Best Trading Strategy: How to trade ranges with the RSI indicator?

BY Chris Andreou

|November 25, 2021

The name of the RSI indicator, the Relative Strength Index doesn’t really describe the indicator well. RSI doesn’t measure the relative strength of the market but rather indicates the position of the price in the recent range. When the price is near to its recent range high RSI values tend to be in the so-called overbought area. Likewise, if the price is near to the recent range lows relative to the RSI lookback period the market is said to be in an oversold area. This has different meanings in different types of markets and if you bear with me I will explain what this means.

Let me remind you first of some trading fundamentals that are always relevant regardless of what indicator or indicator settings you are using. The most important analysis you have to make relates to momentum. If you don’t know which direction the prevailing momentum is pointing to you really have no idea where the market is likely to go.

In other words, before you even think about what the RSI indicates, try to establish what kind of market you are dealing with. If it’s a ranging market you will need a very different set of rules than when trading in an uptrend. And, you will obviously need again different rules for trading in a down-trending market.

Remember also, that most of the indicators used by retail traders are just very simple mathematical equations and RSI is no exception. Therefore, the line that indicator plots is a drastic simplification of a rather complex and complicated structure or a process called a market! Therefore, indicators cannot even begin to explain the market fully. There’s a reason after all why indicators are called indicators.

It’s good to bear the above points in mind when using any indicator. They don’t move the markets. It’s the markets that move them. Therefore, what the price does gives the interpretation for the indicator, not the other way around.

So with this in mind let’s take a look at the RSI indicator and how it can help you to trade a range-bound market.

Range bound market

In the above image, we have Gold in a 1h timeframe. Green boxes highlight the time periods when the indicator is either in the oversold or the overbought area. These are often also times when the market is trading near to recent range lows or highs.

I have made the RSI a little more sensitive by reducing the lookback period from the standard 14 periods to 7. With this setting, the indicator moves further away from the 50 level (the blue dotted line) on each price swing. It’s, therefore, more likely that the indicator ventures every now and then into oversold and overbought levels. Notice, however, that there are times when volatility is low and the indicator doesn’t trigger any buy or sell strategies that require the RSI plot to move to these extremes.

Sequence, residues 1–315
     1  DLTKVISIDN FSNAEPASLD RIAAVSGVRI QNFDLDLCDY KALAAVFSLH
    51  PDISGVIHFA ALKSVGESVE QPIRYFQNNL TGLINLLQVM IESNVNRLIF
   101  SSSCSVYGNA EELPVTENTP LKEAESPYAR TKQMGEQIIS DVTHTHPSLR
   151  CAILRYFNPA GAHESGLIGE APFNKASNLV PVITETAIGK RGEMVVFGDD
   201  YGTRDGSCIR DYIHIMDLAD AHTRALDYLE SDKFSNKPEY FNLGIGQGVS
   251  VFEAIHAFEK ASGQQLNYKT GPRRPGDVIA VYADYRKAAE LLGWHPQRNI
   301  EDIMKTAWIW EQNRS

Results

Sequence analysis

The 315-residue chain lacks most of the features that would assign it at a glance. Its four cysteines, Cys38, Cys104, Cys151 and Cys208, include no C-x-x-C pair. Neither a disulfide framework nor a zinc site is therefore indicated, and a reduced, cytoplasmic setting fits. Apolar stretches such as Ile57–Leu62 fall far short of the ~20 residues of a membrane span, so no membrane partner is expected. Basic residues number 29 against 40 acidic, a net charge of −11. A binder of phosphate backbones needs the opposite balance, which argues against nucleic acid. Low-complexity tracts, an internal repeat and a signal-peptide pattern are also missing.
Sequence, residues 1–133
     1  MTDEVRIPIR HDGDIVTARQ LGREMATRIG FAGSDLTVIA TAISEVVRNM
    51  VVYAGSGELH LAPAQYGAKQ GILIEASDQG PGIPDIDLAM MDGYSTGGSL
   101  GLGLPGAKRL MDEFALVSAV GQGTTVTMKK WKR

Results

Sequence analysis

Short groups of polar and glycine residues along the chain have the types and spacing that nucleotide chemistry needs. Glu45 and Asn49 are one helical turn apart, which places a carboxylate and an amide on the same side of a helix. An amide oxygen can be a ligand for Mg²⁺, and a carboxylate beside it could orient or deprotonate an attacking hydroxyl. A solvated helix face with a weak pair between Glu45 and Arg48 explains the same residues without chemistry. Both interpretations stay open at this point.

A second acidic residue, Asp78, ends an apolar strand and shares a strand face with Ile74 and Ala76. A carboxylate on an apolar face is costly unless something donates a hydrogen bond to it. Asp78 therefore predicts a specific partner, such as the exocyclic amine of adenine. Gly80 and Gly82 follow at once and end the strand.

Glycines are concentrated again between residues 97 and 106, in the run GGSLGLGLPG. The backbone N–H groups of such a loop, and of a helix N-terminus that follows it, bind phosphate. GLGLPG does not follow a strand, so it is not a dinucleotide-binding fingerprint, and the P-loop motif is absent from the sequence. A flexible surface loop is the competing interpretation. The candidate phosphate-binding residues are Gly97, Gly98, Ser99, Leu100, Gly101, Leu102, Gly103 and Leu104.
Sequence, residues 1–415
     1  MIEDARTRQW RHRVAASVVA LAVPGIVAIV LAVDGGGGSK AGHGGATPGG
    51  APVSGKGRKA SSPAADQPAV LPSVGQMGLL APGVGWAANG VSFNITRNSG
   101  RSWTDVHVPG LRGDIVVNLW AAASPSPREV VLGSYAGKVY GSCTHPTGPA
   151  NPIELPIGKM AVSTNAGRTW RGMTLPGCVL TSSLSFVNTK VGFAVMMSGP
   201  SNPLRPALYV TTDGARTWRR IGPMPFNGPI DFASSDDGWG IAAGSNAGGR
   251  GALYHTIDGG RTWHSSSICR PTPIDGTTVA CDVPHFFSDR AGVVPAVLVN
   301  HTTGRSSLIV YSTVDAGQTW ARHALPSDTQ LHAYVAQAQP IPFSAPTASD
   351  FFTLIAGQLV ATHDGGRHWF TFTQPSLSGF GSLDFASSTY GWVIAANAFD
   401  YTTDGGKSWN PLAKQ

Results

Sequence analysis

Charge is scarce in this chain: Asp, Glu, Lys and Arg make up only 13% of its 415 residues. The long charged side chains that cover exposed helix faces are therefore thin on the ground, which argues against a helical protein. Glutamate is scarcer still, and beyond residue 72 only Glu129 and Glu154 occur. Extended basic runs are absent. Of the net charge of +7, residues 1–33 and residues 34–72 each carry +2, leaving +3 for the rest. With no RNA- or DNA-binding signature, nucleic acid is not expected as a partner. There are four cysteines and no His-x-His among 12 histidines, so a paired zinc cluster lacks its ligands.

To trade successfully with the RSI indicator in a rangebound market you need to follow a routine. Here’s a routine that helps you to decide what kind of trading routine works for you. This example routine is for long trades. For short trades, everything works the same only reversed.

  1. Identify the support and resistance areas that create the boundaries that keep the market in a range-bound mode.
  2. Define your maximum risk per trade.
  3. Decide how far from your entry price you will place your protective stop orders
  4. Once you have defined your maximum risk and stop distance from the entry you know the maximum position size. Write this down to stay disciplined.
  5. Prepare to trade long when RSI enters the oversold area
  6. Enter the trade using the position size written down in your plan.
  7. Set the stop at the distance determined earlier.
  8. Exit the trade when the RSI indicator enters the overbought zone.

It is important to remember that each indicator and strategy has its strengths and weaknesses and that losing trades are just part and parcel of the package called trading. You will have losing trades, there is no question about it. Therefore, you need to have a good understanding of how often you are likely to get stopped out and what is the relative size of your losing trades compared to your winning trades.

Therefore, it is highly important to test this strategy idea with historical data and then again with live markets using a demo account before considering trading real money with the strategy. This will help you gain confidence and avoid anxiety derived mistakes during drawdown periods.

Hope this helps!

Trade Safe,

Janne Muta
Chief Market Analyst

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Chris Andreou

Experienced independent trader

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Trade responsibly: CFDs are complex instruments and come with a high risk of losing all your invested capital due to leverage.